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Bishop's Trip to Africa University

"Education is the most powerful weapon which you can use to change the world."—Nelson Mandela

In January of this year, 39 people embarked on a remarkable trip led by Resident Bishop Jonathan Holston and his wife, Felecia.

We gathered in Atlanta and flew to Johannesburg, South Africa, crossing the equator, seven time zones and 8,000 miles. We then flew about 600 miles generally north to land in Zimbabwe's capital city, Harare, in the northeast corner of the country.

Zimbabwe is slightly larger than Georgia and the two Carolinas combined. Population is about 14 million, and the literacy is high at 84 percent. English is a common language, and the United States dollar is the main currency. Harare is a modern city with a population of about 1.5 million. Rural areas are less affluent, and the country is still restructuring from British rule, which ended in 1980.

Our primary mission was to visit Africa University near Mutare (the fourth largest city in Zimbabwe and about 165 miles south of Harare, population circa 400,000). It is the only private university in Zimbabwe.

Students and graduates have come from 29 different countries in Africa. There is a deliberate mixing of students from different regions in the classroom and in dormitories. Pan-African thinking is emphasized over a focus on local contexts. Graduates can and do work in a variety of settings and geographies. Leadership training is embedded in all of the programs of study.

Africa University's graduates are making a difference in Africa. For example, Dr. Tolbert Jallah (Liberia) is the Secretary General of the Christian Council of Churches in West Africa, Togo. He and essentially all of his leadership staff are AU graduates.

In Uganda, graduates are training peacekeepers in Sudan, an area of conflict. Several years ago, schoolgirls were kidnapped and abused in Uganda. One of those girls, who was age 14 at the time and abused for four months prior to escaping, is now an AU graduate. She has returned to Uganda as a social worker assisting refugees and abused women integrate back into society. She is also a strong advocate for women's rights.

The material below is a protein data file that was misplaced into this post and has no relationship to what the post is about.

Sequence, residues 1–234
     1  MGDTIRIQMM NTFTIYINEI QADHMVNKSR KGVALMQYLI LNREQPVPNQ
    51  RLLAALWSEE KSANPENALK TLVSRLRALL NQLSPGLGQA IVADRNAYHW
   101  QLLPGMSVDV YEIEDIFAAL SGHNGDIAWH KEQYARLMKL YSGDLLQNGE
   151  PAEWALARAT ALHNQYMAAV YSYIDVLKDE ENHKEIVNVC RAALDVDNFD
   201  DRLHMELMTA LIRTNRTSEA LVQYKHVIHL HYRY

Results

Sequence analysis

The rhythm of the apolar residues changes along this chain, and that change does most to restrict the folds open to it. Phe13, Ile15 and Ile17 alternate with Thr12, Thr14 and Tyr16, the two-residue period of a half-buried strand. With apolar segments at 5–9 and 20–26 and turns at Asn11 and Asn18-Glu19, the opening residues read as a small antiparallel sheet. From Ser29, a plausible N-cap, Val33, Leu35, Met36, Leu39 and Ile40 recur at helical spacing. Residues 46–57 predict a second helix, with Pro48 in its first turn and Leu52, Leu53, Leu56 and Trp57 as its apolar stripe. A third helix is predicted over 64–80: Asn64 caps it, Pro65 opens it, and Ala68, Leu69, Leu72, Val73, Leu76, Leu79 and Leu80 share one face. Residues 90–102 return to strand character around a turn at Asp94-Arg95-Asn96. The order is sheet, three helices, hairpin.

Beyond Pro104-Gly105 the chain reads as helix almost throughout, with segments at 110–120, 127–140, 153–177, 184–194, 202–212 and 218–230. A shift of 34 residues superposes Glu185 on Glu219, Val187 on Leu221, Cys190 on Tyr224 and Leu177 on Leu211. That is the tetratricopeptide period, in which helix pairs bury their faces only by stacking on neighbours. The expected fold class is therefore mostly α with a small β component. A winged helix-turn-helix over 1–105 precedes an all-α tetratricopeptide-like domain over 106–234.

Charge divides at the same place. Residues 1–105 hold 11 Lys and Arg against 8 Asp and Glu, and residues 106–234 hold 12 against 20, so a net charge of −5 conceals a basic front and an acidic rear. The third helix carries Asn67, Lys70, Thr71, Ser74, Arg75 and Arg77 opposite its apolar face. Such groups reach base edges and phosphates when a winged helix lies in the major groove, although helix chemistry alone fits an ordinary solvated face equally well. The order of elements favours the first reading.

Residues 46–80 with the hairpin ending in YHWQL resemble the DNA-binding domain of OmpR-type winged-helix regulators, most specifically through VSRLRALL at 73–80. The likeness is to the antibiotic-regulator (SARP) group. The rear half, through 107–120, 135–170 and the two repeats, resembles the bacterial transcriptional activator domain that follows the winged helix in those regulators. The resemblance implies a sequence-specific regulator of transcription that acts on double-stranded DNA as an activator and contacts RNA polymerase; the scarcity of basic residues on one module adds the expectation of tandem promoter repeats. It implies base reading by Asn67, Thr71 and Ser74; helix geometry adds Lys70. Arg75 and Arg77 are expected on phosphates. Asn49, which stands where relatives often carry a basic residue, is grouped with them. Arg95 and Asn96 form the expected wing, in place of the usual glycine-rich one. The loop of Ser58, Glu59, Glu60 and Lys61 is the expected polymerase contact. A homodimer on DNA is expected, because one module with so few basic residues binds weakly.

A United States mining company hired 3 AU graduates several years ago to work in water reclamation from mining operations. The company was so pleased with the skills and leadership of these environmental engineers that they now employ 22 AU graduates. A missionary graduate from Senegal is the founding dean of an agricultural school in the Congo. He is working to develop new seed varieties suitable to local conditions.

We did have time to play tourist and visit Victoria Falls. The falls are impressive, roughly twice as high as Niagara at 354 feet and twice as wide as Horseshoe Falls (more than a mile wide, 5,604 feet).

Friends, our Bishop frequently challenges us with "what is your God sized vision?" Applying this question to AU and the Old Mutare Mission seems appropriate.

South Carolina, what is our God sized vision for these two valuable ministries?

Dr. David Braddon, South Carolina Annual Conference Advocate

One of seven apportioned giving opportunities of The United Methodist Church, the Episcopal Fund pays for bishops' salaries, office and travel expenses, and pension and health-benefit coverage. Please encourage your leaders and congregations to support the Episcopal Fund apportionment at 100 percent.

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